The adjudication rules, based on participation rates for principals and teachers, are displayed in Table A A.1 and Table A A.2. An explanation of the codes used is given below.

The following bulleted list is a simple guide to help data users appreciate the limitations on use or quality:

  • Good: The participating country’s/territory’s data can be used for all reporting and analytical purposes and can be included in international comparisons.

  • Fair (A): National and sub-national estimates can be produced; some teacher characteristics may suffer from a larger standard error (S.E.), hence the warning “Fair”, and no additional warnings to users appear necessary.

  • Fair (B, only for teacher data adjudication): National and sub-national estimates can be produced; some sub-national estimates may be of lower precision (larger S.E.) if sample size is locally low, hence the warning “Fair”, and no additional warnings to users appear necessary.

  • Fair (C):

    • National and sub-national estimates can be produced.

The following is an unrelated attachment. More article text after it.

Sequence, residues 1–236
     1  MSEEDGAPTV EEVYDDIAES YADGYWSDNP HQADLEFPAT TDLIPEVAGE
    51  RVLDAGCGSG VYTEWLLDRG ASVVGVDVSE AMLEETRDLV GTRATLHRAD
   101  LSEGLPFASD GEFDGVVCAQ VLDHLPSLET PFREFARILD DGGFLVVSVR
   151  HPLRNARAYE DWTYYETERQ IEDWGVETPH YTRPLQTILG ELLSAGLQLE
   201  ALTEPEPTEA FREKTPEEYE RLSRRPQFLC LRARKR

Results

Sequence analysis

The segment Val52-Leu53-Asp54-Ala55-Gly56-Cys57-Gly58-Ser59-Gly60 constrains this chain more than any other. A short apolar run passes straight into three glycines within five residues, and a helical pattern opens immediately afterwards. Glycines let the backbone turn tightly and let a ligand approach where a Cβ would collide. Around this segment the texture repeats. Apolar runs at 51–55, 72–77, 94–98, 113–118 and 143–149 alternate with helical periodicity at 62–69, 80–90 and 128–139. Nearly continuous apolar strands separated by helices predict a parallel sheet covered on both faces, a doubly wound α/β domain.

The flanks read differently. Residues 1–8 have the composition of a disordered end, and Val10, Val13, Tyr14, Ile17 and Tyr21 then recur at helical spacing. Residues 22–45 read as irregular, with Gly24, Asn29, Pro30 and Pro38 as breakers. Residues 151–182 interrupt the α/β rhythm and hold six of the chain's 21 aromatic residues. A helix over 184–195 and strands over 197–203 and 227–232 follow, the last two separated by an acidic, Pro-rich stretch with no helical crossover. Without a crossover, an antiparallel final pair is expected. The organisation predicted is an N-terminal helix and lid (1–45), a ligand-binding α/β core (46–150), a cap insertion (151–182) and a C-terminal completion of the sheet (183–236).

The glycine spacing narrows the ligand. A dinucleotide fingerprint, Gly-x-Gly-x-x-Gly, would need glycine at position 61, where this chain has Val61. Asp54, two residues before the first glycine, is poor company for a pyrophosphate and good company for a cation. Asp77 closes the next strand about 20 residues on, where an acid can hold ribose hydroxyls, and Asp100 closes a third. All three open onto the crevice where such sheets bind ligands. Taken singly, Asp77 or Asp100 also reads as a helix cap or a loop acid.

• Some sub-national estimates may be of lower precision (larger S.E.) if sample size is locally low, hence the warning “Fair”, but a note on data quality could appear, pointing to the outcome of the non-response bias analysis (NRBA).

    • Since school participation is somewhat lower than under (B), comparing sub-national estimates should be done with care, as some of those results are based on few schools.

    • Comparing small sub-national estimates with similar groups from other countries/territories is likely to uncover any statistically meaningful differences, as the S.E. are likely too large.

  • Poor (D):

    • In addition to the warnings issued for the previous category, a note should warn users of indications of non-response biases in some estimates.

    • Comparisons of sub-national estimates should be limited to the groups with the larger sample sizes.

    • At this point, the sample represents between 37% and 56% of the teaching workforce, from a rather small sample of schools.

    • Comparisons with similar groups in foreign countries would not be encouraged.

  • Poor (E, only for teacher data adjudication): Sub-national estimates would not be recommended; there should be a note pointing out the difficulty of obtaining a representative sample of schools.

  • Poor (F, only for teacher data adjudication): Limitations similar to those of line E, but there should be a note pointing out the difficulty of obtaining at least 50% participation of the selected sample of schools; risks of having a non-representative sample of schools.